The biggest similarity between Harley and me is feeling like
a stranger in a suburban town. I took parts of Lenape Lakes
directly from the town where I grew up - like the Pond Hole.
That's real, it really exists in Pompton Lakes. One of my
favorite parts in the book is when Harley and Carla are looking
through the old yearbooks, because those entries, you know,
like "aspires to be a secretary," came out of actual
yearbooks from Pompton Lakes. The low aspirations are real.
Growing up I felt completely out of place, like nobody in
my town knew what I was talking about. Then I got to New York
and thought, "aha, here are all the other space creatures!"
has a teacher, Miss Posie, who believes in her. Did you have
a teacher like that who encouraged you?
- Miss Posey! That was her real name, but she wasn't an art
teacher. She was an English teacher and an advisor for the
drama club. But she has nothing in common, really, with the
fictional Miss Posey in terms of character, except that they
were both very supportive. I absolutely believe that one teacher
can make a difference.
did you decide to leave Hollywood and move to Italy?
I had a really comfortable lifestyle in L.A., but I felt like
something important was missing. I've always loved Venice,
and I wanted to go someplace where I didn't know anybody and
I didn't speak the language, so I could see where I was in
life. I couldn't see clearly in L.A. Life in Europe is completely
different than life in America. It's so much less insular.
The pace of life is different to Italians. Relationships with
other people are really important. We're losing that sense
of being connected in America. It's all out of proportion
- lots of money, very little connectedness. There's still
a strong sense of the family here, you know, aunts, uncles,
cousins, grandparents, all yapping around the dinner table.
things about the United States do you miss?
I miss my writer friends, just sitting around talking about
everything and analyzing everything to death! Books in English
- that's a big one. Also Mexican food, Purpose face lotion,
and zip lock baggies. But my friends come over and keep me
supplied with the essentials! And I don't feel like I'm so
far away because of the Internet.
has the Internet affected how you write, too?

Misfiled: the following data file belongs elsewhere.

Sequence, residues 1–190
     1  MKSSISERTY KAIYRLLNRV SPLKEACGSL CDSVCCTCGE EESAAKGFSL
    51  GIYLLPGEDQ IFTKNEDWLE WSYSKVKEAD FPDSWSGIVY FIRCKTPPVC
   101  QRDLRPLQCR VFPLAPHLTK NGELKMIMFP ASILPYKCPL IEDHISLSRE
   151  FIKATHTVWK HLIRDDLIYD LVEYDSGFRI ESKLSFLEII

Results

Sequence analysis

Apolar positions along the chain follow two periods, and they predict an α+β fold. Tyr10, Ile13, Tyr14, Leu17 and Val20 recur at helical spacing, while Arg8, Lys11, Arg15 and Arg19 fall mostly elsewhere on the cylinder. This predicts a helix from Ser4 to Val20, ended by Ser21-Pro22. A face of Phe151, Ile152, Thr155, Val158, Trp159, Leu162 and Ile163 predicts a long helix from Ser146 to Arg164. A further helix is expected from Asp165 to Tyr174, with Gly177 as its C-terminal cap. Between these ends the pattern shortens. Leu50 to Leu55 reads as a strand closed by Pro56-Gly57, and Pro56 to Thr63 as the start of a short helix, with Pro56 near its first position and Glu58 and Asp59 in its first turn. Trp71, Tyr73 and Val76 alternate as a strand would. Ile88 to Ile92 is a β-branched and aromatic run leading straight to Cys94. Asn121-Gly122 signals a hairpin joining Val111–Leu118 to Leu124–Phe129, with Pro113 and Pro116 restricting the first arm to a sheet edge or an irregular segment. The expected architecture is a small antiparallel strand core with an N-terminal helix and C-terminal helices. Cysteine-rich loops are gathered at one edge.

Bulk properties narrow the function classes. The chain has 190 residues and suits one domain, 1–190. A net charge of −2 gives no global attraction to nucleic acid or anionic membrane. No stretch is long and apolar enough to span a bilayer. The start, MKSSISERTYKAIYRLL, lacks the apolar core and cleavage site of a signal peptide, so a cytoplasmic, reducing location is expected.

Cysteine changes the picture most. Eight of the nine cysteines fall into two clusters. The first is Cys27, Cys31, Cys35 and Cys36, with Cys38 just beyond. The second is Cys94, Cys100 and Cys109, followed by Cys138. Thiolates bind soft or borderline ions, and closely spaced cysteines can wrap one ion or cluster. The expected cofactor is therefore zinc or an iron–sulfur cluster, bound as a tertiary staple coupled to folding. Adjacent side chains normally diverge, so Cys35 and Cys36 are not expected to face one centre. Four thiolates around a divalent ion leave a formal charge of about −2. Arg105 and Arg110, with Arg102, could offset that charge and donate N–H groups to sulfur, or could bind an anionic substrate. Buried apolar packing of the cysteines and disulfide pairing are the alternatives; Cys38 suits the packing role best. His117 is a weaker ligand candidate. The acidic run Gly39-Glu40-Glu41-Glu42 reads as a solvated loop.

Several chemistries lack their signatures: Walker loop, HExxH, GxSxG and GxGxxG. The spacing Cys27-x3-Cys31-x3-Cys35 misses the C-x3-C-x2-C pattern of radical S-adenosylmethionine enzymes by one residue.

I'm a real computer person - I had a KayPro computer back
when it was the only thing available. I used Word Star (ancient
word processing program) and loved it but finally had to give
it up because I was compatible with no one except maybe one
guy in a basement somewhere. I'd still use it if I could.
It's the computer equivalent of the yellow legal pad. Then
I fell in love with e-mail and have been using it from the
beginning. I'm aware of the dangers, language-deterioration
and all that, but I just love being able to edit myself! We
couldn't have done Harley without the Internet, we were e-mailing
every single hour at one point. I absolutely love that I can
stay here in Venice and still be connected to America.
do you do your writing, and what's your typical work schedule
I live in a 17TH century palazzo. It's a bit crumbling on
the outside but inside it's beautiful. My apartment is on
the second floor but Venetians call it the first floor, and
there are offices and shops on the ground floor. I have 15-foot
ceilings and a balcony that looks over the Grand Canal. There
are Murano glass lamps and the whole place is very open and
beautiful. I've set my office up so I can look out onto the
canal, and when the sun is shining, the water from the canal
reflects the light onto the ceiling. It's mesmerizing. But
Venice goes against my ideal writing schedule, which is from
about 10:00 a.m. until 2:00, then a break, and then coming
back to rewrite and edit in the late afternoon. Here everything
closes from 12:30 to 3:30 P.M., so you've got to run your
errands in the morning. So now I start at about 9:30 to 11:30,
then start again at 4:30 and work until 7:30 in the evening.
are you working on now?
in a slightly older voice that right now I'm calling, Mrs.
Elder. But who knows how long that title will last. Harley,
Like a Person used to be called Zee!